On Wednesday, the Scottish government passed a bill pardoning gay men who had been convicted when male homosexuality was illegal in the country.

The passing of the bill marked the third stage of the Historical Sexual Offences (Pardons and Disregards) Bill which was introduced to the Scottish Parliament last November.

Following the passing of the bill, the Director of the Equality Network, Tim Hopkins said: “We very much welcome the Parliament passing this bill. This is concrete recognition of the huge harm that was done to people who were prosecuted or lived under these old laws.

“Together with the First Minister’s public apology in the Parliament in November, the message is that Scotland has changed for good, and that discrimination is no longer acceptable.”

However, the bill hasn’t been met with unanimous support, and one of those critics is the SNP’s John Mason. In a letter to a constituent, Mason wrote: “I’m not really sure I agree with retrospective pardons and apologies.

“I do not see that we can go round pardoning and apologising for everything that other people did that does not conform to modern customs.

“Will the Italians be apologising for the Roman occupation?”

Scotland Pride via Flickr

Mason’s letter was swiftly condemned by the co-convenor of the Scottish Green Party, Patrick Harvie, who is openly bisexual. Addressing the letter, Harvie said: “Where to begin with this? Is it the flippant tone, is it the complete absence of any attempt to show understanding of the arguments in favour of this Bill, or the reference to ancient history?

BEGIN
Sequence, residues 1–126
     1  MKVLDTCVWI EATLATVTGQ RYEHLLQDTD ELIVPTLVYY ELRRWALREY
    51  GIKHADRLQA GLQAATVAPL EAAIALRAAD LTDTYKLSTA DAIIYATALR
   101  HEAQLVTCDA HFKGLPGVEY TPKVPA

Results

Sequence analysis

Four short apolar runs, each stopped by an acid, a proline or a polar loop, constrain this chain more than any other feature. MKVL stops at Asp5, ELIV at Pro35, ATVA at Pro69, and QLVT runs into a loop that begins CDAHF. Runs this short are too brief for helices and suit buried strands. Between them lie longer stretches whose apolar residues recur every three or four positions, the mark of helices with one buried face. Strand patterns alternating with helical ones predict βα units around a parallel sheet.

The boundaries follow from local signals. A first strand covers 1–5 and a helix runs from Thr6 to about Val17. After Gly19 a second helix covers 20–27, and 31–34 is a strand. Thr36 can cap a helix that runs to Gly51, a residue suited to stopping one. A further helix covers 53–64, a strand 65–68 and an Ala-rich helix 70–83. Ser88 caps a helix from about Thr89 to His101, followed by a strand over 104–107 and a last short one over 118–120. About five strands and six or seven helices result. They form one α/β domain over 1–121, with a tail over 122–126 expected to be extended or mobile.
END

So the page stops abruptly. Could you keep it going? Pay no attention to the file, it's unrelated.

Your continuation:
“This is not ancient history. This is living history. Many of the people whose lives were subject to untold harm by their own government are still living and they do not deserved to be dismissed in this way.

“I’m not naive enough to think that John Mason is the only MSP who holds such views and I can only single him out on this issue because I happened to be sent this email.”

This isn’t the first time that Mason has attracted controversy over his stances on the LGBTQ community. When same-sex marriage was legalised in Scotland, in 2013, he attempted to amend the bill to give people who objected to it immunity from discrimination laws.

“When it comes to sexual behaviour or activity, that’s when some of the religions do have something to say, as to whether you can have one or more partners, of the same sex or not of the same sex and that sort of thing,” he said.

“I would draw a distinction personally, and a lot of the churches would draw a distinction between sexual orientation and sexual activity.”